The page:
Blumberg: Right, and their first drafts sucked just as much as anybody’s. So I hadn’t really thought about it until you just mentioned that, but essentially that pitch was a first draft. And it was a first draft to somebody who perhaps it should have been a second or third draft to. I should have tried it on other people. That was sort of swinging for the fences, he was a big-time investor. But it’s not surprising that he was telling me that. Obviously it was really humbling. The other thing that I realized, though, doing this is that talk about the importance of narrative. I thought getting into business that it would be way more numbers, it would be way more stats professor and not very much media professor and it turns out it’s way more media professor and not very much stats professor. Like the numbers are there purely as plot elements. They are there purely as this is a realistic detail, but they are not the story and the story is what you are telling and how you use those numbers.
Campbell: One of the things I liked about it that in your new podcast you reveal so much of the process that you’re going through and you sort of lay yourself bare here and you’re not afraid to be humble and to act stupid and learn from this guy, which is really good. And he gives you your pitch, right?
Blumberg: Well I have one correct; I am very afraid.
Campbell: But you do it anyway.
Blumberg: We haven’t done one episode where we haven’t been like, are we going too far? Is this too much? Are we revealing too much? Because I know when you make yourself vulnerable it connects with an audience. I know that and I like when people do that, when they’re opening up a door and they’re being honest with you, you respond to that as a listener. But one of the big fears is that we actually are trying to start a business and we are actually trying to get investors and we are talking about things that you don’t talk about with your investors like your own fears, maybe fears that you’re not dreaming big enough, maybe that you don’t want to dream big enough, maybe if you dream bigger it will ruin your family. Those are not things that people talk to their investors about. Your job to an investor is to say, I’m going to be the Google of blah blah blah. I’m going to be the Uber of whatever. But once we open this conversation, the crazy thing is that, I’ve found out since then that so many entrepreneurs having been writing to me telling me this is something we wrestle with all the time, the issue that you’re talking about, we talk about all the time and that’s what I was hoping. I can’t be alone feeling these feelings and it turns out that was true.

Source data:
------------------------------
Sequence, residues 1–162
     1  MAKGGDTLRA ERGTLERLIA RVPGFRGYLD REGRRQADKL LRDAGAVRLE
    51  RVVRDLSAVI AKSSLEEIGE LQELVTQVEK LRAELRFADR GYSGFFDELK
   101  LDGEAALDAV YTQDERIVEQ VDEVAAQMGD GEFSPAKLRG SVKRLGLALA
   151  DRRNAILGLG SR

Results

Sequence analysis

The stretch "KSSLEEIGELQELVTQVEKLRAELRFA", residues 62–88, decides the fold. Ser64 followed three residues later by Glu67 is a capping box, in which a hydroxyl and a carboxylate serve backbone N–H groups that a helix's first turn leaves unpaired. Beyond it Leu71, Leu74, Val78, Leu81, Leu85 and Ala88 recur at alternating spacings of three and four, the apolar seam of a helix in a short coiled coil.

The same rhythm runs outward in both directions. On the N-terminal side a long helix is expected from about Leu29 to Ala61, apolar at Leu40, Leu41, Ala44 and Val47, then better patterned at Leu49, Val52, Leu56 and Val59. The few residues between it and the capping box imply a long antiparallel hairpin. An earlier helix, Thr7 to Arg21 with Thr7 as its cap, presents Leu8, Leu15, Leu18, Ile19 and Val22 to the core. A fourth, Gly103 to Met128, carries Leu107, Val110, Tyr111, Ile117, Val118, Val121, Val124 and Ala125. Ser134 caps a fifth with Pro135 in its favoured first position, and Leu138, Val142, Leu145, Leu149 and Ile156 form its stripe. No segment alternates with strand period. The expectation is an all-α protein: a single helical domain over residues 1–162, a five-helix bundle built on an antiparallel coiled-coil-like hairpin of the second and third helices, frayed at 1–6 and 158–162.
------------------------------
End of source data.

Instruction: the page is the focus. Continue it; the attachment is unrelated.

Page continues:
Long: John Bailer, we’ll go to you next.
Bailer: I’d like to follow up on, I love the quote, “Numbers as plot elements.” And I would also suggest that you can be effective as a statistician if you can’t translate. You have to be able to translate a complex story into some representation that you can understand and then once you’ve done that work, if you can’t communicate it back out then you’re not going to be successful in any work that you do as well. I love the image of numbers as plot elements and I want you to know that I will employ that frequently with proper attribution.
Long: You are listening to Stats and Stories today. We are talking about economic journalism and narrative reporting and our regular panelists are Miami University Statistics Department Chair John Bailer and Media, Journalism and Film Chair Richard Campbell; I’m Bob Long. And we’re of course very, very pleased to have with us entrepreneur and radio journalist Alex Blumberg. Alex has launched his own for-profit podcast, as you can tell, focusing on narrative journalism and story-telling. Richard, I’ll go to you for the next question.
Campbell: Let’s talk about stepping away from public radio and deciding that podcasting was the future, although I think that’s up for grabs in the first two episodes of Startup that I’ve listened to, why did you walk away? People know you; we follow you; are there some things you felt like you couldn’t do?